Then the disciples of John approached him and said, “Why do we and the Pharisees fast much, but your disciples do not fast?” Jesus answered them, “Can the wedding guests mourn as long as the bridegroom is with them? The days will come when the bridegroom is taken away from them, and then they will fast.

Matthew 9:14-15

Cracks in the cosmos caused
By crunching of the fruit
Requires a triple cure
To cleanse the heart’s core root.

Fasting heals the person;
Prayer finds God within.
Almsgiving loves neighbors,
Quashing the power of sin.

Person, God and neighbor—
Cosmos in Trinity—
Cured by consuming Christ,
Crunching divinity.

-GMC

What am I going to do for Lent?

Someone was asking that question at our supper table the other night. Lent begins  Ash Wednesday. The supper table is a good place to ask the question, because Lent is about renewing ourselves as we are and where we live. The supper table stands for life here and now.

The supper table is the place where we face those closest to us. Doing something for Lent has to mean doing something for them, first of all, the people across the table–or maybe those who have left our table. One of our scripture readings early on in Lent says: “Don’t turn your back on your own.”   Renewing our relationship with those closest  to us is one of the most important steps to renewing ourselves.

Besides the supper table, I guess we should also ask that question “What am I going to do for Lent?” in the place where I work, or where I go to school. Don’t turn your back on them either.

Lent is for renewing ourselves as we are, in real life and real time. It isn’t about changing us into different people or changing the world we live in or leaving for Mars.

The scriptures read on Ash Wednesday tell us to pray, to fast and give alms. What am I going to do for Lent? How about praying everyday? How about fasting from my own hard opinions of others? How about thinking about others and not just myself?

What am I going to do for Lent? I hope I can get closer to God, and that means for me to get closer to Jesus Christ. He says in this Sunday’s gospel that it’s possible to think we know him, but don’t know him. Where should I begin? Let me look in the scriptures, especially the scriptures we read during Lent.

Pope Benedict’s “Jesus of Nazareth” part 2 where he looks long and hard at the story of the Passion of Jesus is due out this week. I’m going to read it. Maybe that will help.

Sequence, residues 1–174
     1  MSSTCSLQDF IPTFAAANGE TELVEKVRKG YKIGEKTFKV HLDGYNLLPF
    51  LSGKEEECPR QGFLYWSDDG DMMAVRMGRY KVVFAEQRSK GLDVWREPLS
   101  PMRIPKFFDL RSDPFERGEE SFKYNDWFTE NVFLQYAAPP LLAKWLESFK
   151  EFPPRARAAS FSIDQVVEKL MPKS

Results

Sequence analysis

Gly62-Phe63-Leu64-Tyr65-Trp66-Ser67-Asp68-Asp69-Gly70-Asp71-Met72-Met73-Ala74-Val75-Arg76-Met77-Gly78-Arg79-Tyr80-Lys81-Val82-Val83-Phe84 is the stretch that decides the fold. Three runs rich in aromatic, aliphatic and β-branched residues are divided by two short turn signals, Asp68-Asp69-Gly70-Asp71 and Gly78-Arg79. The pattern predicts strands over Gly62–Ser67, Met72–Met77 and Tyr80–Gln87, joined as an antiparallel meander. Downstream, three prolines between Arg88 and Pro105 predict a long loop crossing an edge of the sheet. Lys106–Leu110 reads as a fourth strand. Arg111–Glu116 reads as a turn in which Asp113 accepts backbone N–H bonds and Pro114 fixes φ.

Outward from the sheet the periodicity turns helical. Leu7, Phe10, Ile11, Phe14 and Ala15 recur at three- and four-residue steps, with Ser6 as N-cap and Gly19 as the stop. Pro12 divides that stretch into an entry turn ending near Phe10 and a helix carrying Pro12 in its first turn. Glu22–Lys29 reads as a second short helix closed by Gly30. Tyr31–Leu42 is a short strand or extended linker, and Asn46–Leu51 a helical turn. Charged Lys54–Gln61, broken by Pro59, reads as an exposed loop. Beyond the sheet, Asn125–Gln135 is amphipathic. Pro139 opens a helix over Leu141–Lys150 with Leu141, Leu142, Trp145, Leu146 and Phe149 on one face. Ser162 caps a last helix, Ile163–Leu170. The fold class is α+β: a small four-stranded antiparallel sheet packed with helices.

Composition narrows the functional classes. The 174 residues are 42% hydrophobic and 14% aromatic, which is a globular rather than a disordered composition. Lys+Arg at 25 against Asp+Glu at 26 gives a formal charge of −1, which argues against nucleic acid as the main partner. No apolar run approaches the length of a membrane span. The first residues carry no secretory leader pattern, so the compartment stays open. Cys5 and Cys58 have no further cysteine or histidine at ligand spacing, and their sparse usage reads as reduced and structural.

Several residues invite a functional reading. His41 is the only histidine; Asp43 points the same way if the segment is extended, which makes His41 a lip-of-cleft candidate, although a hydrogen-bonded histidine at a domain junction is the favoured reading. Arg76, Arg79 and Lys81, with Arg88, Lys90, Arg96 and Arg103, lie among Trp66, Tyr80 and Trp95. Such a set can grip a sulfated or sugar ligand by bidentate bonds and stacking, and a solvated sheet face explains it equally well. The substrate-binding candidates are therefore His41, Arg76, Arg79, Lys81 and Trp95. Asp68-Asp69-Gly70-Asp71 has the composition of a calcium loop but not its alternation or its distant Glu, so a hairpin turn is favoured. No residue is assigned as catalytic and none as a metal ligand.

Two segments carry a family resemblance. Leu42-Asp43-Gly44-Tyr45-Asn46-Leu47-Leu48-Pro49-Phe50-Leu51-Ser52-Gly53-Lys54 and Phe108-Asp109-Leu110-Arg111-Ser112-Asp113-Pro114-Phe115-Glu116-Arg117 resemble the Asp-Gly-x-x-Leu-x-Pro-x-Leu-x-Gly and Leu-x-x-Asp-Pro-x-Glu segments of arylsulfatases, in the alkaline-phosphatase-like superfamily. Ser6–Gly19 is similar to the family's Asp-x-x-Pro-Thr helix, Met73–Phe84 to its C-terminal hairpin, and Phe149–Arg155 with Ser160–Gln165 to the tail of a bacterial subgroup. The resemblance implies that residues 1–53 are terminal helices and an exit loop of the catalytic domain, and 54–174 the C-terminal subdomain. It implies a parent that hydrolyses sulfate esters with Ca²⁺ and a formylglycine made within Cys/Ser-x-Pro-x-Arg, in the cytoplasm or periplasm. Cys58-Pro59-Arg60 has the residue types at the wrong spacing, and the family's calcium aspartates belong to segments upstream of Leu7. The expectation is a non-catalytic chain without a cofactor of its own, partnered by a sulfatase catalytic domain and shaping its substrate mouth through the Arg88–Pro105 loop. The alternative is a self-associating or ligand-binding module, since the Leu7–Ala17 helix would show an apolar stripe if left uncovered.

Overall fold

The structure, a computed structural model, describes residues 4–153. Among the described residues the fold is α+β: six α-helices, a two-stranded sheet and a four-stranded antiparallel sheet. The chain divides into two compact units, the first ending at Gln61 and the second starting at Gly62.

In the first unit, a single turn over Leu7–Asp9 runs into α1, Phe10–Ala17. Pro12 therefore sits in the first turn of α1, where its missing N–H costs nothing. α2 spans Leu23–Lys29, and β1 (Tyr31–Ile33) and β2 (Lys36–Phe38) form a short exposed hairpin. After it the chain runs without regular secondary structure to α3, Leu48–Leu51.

One thing we shouldn’t forget when we ask that question “What am I going to do for Lent?” is  another question: “What is God going to do for us during Lent?” It’s a time of God’s grace, more than we can hope for, beyond what we could possibly earn. The great sign of God’s limitless giving is the Passion of his Son, a wondrous gift.

 

How fast today?

“The disciples of John approached Jesus and said,

“Why do we and the Pharisees fast much,

but your disciples do not fast?”

Jesus answered them, “Can the wedding guests mourn

as long as the bridegroom is with them?

The days will come when the bridegroom is taken away from them,

and then they will fast.”

For a brief moment in time, Jesus Christ, the Word of God, appeared in the flesh. Then, he rose from the dead and his appearances in the flesh ended.

Now his disciples have to fast, according to today’s lenten reading from Matthew 9, 14-15. What kind of fasting should they do? Certainly a little fasting from food, drink, entertainment would help, for sure.

But how about turning  from that “expressive individualism” that Charles Taylor calls the trademark of our western world. A more subtle kind of fasting.

There’s a commercial on television calling us to go to the Florida Keys, where  you’re free to express yourself and do what you like, where freedom reaches its highest expression. Sounds like that “far off country” that beckoned the Prodigal Son.

Does our fasting means fasting from  too much attention to ourselves, which leads us to turn our backs on our own? Do we need to pay more attention to helping the poor, where Christ can always be found?

Prayer, Fasting and Mercy

The sermon on prayer, fasting and mercy in today’s reading by St. Peter Chrysologus, the 5th century bishop of Ravenna, is a reminder not to forget what this season is about.

Prayer, fasting and mercy are joined together; they are one, the saint says. “They give life to each other…Prayer knocks at the door, fasting obtains, mercy receives…Don’t separate them; they can’t be separated. If you have only one and not all of them together you have nothing.”

Prayer knocks at the door of an ever-present God, whom we so easily forget. We must keep the God who made us and saves us before our eyes and let God inform how we live and act.

Fasting reminds us our common human condition. We are all poor.  Fasting is an effort we make to experience the human condition, especially as it’s reflected in the poor of this world. It counters our tendency to independence and isolation.

Too often today, I feel, fasting becomes a self-help project.  Maybe we can lose a few pounds and be a healthier person, and so in the end it all comes down to us.

That’s why mercy follows prayer and fasting.  It’s the gift of life and love that we give to others.
Without mercy–a better way to describe almsgiving, I think– prayer and fasting are ineffective.

“Give to the poor and you give to yourself. “